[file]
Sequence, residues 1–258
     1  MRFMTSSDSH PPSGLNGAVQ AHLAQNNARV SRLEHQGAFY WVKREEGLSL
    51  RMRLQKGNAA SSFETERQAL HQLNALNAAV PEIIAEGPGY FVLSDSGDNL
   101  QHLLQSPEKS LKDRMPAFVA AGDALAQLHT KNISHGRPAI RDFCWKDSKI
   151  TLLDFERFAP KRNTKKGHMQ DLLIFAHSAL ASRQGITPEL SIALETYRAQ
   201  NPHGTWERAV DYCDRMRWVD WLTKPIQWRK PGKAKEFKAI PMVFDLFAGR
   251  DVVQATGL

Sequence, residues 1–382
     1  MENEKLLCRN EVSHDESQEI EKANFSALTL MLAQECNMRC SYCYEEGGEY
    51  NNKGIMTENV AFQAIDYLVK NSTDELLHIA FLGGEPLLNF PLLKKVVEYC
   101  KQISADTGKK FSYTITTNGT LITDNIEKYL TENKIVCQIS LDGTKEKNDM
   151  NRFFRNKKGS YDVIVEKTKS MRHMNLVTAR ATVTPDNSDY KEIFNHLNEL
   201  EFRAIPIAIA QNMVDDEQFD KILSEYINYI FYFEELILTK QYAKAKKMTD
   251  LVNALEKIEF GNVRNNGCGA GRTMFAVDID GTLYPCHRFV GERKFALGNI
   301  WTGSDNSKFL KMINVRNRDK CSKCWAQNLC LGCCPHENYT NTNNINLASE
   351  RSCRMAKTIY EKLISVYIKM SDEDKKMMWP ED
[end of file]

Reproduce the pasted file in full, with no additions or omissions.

Sequence, residues 1–258
     1  MRFMTSSDSH PPSGLNGAVQ AHLAQNNARV SRLEHQGAFY WVKREEGLSL
    51  RMRLQKGNAA SSFETERQAL HQLNALNAAV PEIIAEGPGY FVLSDSGDNL
   101  QHLLQSPEKS LKDRMPAFVA AGDALAQLHT KNISHGRPAI RDFCWKDSKI
   151  TLLDFERFAP KRNTKKGHMQ DLLIFAHSAL ASRQGITPEL SIALETYRAQ
   201  NPHGTWERAV DYCDRMRWVD WLTKPIQWRK PGKAKEFKAI PMVFDLFAGR
   251  DVVQATGL

Sequence, residues 1–382
     1  MENEKLLCRN EVSHDESQEI EKANFSALTL MLAQECNMRC SYCYEEGGEY
    51  NNKGIMTENV AFQAIDYLVK NSTDELLHIA FLGGEPLLNF PLLKKVVEYC
   101  KQISADTGKK FSYTITTNGT LITDNIEKYL TENKIVCQIS LDGTKEKNDM
   151  NRFFRNKKGS YDVIVEKTKS MRHMNLVTAR ATVTPDNSDY KEIFNHLNEL
   201  EFRAIPIAIA QNMVDDEQFD KILSEYINYI FYFEELILTK QYAKAKKMTD
   251  LVNALEKIEF GNVRNNGCGA GRTMFAVDID GTLYPCHRFV GERKFALGNI
   301  WTGSDNSKFL KMINVRNRDK CSKCWAQNLC LGCCPHENYT NTNNINLASE
   351  RSCRMAKTIY EKLISVYIKM SDEDKKMMWP ED